Same Old Same Old – The City of Toronto Continues to Violate the Rights of Torontonians with Disabilities

Greetings everyone and I’m Christian Robicheau at the Sterling Creations desk wishing everyone a typical March weekend.
I hate to tell you but once more the City of Toronto has appeared to have fallen down on the job!
Read our president’s editorial for this week.
Donna J. Jodhan has a front row seat to this one.
Enjoy your weekend!

An aerial photo of downtown Toronto, including the iconic CN Tower, at dawn. The sky is just starting to turn pink and there's a bit of morning fog.Same Old Same Old
by Donna Jodhan

I am afraid that when it comes to some mundane and irritating attitudes, nothing much has changed. Or if I choose to slice it a different way, we are always going to find one bad apple sitting in the middle of a somewhat good bunch.

I am referring to an experience that I recently encountered with the City of Toronto. Here goes.

In 2023 residents of the City of Toronto were asked to complete an online form re occupant vacancy if they owned a home or condo. I had to ask my Provincial member of Parliament to assist me to find someone who could help me to do this as the City’s website was not very accessible or navigable for a blind/vision impaired person.

After a bit of searching my very helpful member of Parliament’s office found someone at the city to help me do so. This person was able to enable me to receive my tax assessment documents in Word format but I needed to ask my sighted friend to help me complete my form.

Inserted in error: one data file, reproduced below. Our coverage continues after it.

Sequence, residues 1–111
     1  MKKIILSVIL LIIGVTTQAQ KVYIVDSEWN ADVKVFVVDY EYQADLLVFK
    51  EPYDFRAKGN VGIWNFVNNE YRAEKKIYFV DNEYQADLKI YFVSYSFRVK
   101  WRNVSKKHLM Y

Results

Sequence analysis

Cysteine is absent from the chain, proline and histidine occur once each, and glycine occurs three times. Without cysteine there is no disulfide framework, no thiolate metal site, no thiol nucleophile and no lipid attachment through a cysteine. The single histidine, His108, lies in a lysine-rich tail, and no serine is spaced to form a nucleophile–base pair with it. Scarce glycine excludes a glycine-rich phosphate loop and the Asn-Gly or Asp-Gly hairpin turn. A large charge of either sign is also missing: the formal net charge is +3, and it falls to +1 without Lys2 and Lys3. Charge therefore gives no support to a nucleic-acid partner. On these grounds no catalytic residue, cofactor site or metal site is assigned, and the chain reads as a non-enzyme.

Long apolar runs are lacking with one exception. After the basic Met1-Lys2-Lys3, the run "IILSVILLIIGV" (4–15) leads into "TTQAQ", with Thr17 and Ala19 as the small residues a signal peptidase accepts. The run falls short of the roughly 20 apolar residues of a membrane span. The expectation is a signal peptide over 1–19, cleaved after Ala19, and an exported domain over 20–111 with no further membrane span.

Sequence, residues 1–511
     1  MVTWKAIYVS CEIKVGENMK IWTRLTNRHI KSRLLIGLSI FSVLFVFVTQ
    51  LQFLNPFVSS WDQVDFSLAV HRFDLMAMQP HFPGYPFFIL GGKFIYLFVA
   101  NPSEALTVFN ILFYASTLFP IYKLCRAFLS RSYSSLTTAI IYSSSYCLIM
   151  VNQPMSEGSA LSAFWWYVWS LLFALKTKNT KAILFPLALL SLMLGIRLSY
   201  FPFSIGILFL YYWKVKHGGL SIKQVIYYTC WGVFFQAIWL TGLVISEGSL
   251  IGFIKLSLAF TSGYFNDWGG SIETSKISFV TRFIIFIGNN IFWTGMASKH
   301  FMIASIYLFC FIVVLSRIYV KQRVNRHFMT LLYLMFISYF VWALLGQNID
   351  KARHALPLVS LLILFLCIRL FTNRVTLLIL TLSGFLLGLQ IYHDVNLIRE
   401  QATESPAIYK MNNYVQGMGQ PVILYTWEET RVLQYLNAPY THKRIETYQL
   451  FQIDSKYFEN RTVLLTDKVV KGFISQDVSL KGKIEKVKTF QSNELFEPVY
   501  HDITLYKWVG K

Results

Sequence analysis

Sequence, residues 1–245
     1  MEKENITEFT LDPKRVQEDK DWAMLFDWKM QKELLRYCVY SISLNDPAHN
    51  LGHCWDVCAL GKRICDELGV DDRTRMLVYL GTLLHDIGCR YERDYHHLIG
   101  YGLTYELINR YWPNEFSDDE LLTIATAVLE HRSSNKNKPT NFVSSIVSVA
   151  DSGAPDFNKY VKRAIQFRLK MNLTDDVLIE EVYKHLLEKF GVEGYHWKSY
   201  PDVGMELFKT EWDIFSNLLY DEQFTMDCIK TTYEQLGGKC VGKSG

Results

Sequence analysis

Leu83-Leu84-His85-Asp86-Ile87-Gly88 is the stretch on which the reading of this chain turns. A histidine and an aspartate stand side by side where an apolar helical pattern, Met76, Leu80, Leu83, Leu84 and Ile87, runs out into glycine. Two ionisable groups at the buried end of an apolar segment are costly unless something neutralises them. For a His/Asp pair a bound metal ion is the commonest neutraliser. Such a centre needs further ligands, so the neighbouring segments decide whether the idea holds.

For this year, I decided to try and navigate the City’s website on my own in order to complete the vacant occupancy form and lo and behold! Just like last year, the site was very difficult to navigate. When I wrote to my contact this is what he said.

“You can ask a family member or friend to assist, if required. If you are still having difficulty, please feel free to contact me directly upon your return and I will gladly assist you over the phone.”

Now, there are some who would quickly say that this official offered a solution but for me, the statement that I can ask a family member or friend reflects that he simply did not respond in the true spirit of understanding the meaning of accessibility and independence.

Yes, he offered a solution but no! Just the words that I could ask a family member or friend just tells me that it is same old same old! The City of Toronto still has to go a long way to training their customer agents in the rudiments of accessibility and awareness.

Just my two cents for today.

To learn more about me as an award winning sight loss coach and advocate visit


About Donna Jodhan

Donna Jodhan is an award winning blind author, advocate, sight loss coach, blogger, podcast commentator, and accessibility specialist.
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